I say keep the schools closed until we know which way the wind blows. Louisiana has the highest rate of infections per capita in the country. We are about fourth in the world. And, we are just a state.

The real problem is that teachers have become nannies, social workers, policemen and even nurses. If they got paid for that, maybe the administrators would have some second thoughts. Maybe parents won’t dump all of that on teachers.

The Picture

You know me. I’m a pretty simple photographer. I just stick my camera or phone into the middle of things and make a picture. Of course, I have many years of practice because I am an old colonizing white privileged grump. Read yesterday’s Storyteller to find that reference. Please.

The all seeing dog and I were walking just as the sun started to get low in the sky. I was looking for a subject, when I saw how the light fell on the leaves. I thought, “Why not?” I stuck my phone right into the middle of things and let the auto focus do its thing. I helped make the leaves pop out a little and almost look three dimensional by softening the bokeh.

Don’t get me started on bokeh. That Japanese word that westerners don’t understand is raising its ugly head again. Some days it’s like playing whack-a-mole.

And, so it goes.

Stay safe. Stay mighty. Enjoy yer so-called bokeh.


Morning sun, part two.

Just Dandy. See what I did there?

Spring arrived. The time of allergies. The time of sneezing. Not from this little guy, but from Live Oaks. So much pollen. More pollen in years. At least, that’s what the weather person said who comes on at six.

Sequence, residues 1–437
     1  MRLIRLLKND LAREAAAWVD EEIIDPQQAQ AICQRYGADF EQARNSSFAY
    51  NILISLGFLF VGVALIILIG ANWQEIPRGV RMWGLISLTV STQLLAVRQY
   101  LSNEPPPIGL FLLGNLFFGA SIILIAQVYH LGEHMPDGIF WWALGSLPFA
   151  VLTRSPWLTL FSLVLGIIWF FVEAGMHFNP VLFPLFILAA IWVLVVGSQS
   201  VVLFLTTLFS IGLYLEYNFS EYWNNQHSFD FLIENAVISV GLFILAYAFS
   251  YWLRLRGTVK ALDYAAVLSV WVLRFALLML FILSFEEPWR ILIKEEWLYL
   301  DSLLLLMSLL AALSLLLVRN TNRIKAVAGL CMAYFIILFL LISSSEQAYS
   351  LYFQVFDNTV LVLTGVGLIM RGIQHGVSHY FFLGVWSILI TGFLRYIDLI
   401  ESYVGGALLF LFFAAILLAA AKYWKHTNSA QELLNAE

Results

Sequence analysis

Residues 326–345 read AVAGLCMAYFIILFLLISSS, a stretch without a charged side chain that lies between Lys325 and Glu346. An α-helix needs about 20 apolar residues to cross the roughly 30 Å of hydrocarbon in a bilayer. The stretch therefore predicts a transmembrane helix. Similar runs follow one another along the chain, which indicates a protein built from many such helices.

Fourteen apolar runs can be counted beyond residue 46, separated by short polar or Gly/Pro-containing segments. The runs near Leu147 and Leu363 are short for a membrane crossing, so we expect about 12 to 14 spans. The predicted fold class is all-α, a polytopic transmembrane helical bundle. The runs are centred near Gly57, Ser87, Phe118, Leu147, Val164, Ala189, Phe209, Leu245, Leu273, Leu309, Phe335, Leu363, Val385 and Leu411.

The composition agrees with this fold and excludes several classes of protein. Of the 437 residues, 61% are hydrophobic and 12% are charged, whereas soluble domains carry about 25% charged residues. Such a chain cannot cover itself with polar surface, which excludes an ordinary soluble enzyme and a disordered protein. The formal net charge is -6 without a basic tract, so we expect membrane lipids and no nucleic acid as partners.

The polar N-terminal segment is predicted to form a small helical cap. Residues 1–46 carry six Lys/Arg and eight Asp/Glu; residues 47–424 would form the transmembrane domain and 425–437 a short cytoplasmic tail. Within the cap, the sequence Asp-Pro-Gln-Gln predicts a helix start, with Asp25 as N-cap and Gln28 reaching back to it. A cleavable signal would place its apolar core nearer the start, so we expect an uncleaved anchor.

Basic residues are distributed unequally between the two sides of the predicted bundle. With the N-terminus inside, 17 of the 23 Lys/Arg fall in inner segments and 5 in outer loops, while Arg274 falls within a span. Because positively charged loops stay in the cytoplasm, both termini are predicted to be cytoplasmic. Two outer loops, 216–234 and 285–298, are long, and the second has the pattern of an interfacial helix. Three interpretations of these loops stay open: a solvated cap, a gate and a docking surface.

Everybody is sneezing around here. Even the dogs. None of us are amused. Especially in this season of the witch. If we are walking somewhere and sneeze, people glare at us. No. We don’t have “THE VIRUS.” We have allergies. That what our docs told us. We have some kind of steroidal stuff that we spray up our noses.

It’s really not a big deal. It’s just a season in the swamp. I’d say that we get used to it. But, we never do. Just like we don’t get used to Carnival Season. When you think about it, even with a change of costumes, so much of Mardi Gras looks about the same. That’s a little comforting.

The picture. I think smartphones are amazing. The sharpness of the dandelion is something. I didn’t have to do anything magical, or technical. I just pointed the lens and waited until it found its focus point. And, check out the background bokeh. All those little circles pinwheeling around make the picture a little more interesting.

Just like everything seems a bit surreal right now, it’s even more so in my photographic world. Nobody is working. Most events have been cancelled. Travel photographers can’t travel. Music photographers have no music to shoot. Commercial photographers assignments have been cancelled.

When they can, I know a bunch of professional travel photographers who use the newest, most high end smartphone to do their jobs. Some of them don’t even bother to bring their DSLR or Mirrorless cameras. I don’t have that many guts. But, one of my agencies asked me to work using my smartphone in order to produce a different kind of photograph.

Different photographs. For sure. Because phones are so ubiquitous nobody pays attention if you make pictures in their presence. Sometimes I don’t even focus. The camera does. I just stick my hand into the middle of something and push the button. That creates another kind of energy and sensibility.

I didn’t take smartphone photography very seriously. But, lately I’ve seen some stunning work in print and on walls. This has been going on for awhile. I just never noticed it. Now that I have, I’m eager to test it. Not just with my version of nature pictures, but with real people, maybe at a second line or Indian event… if they ever happen again.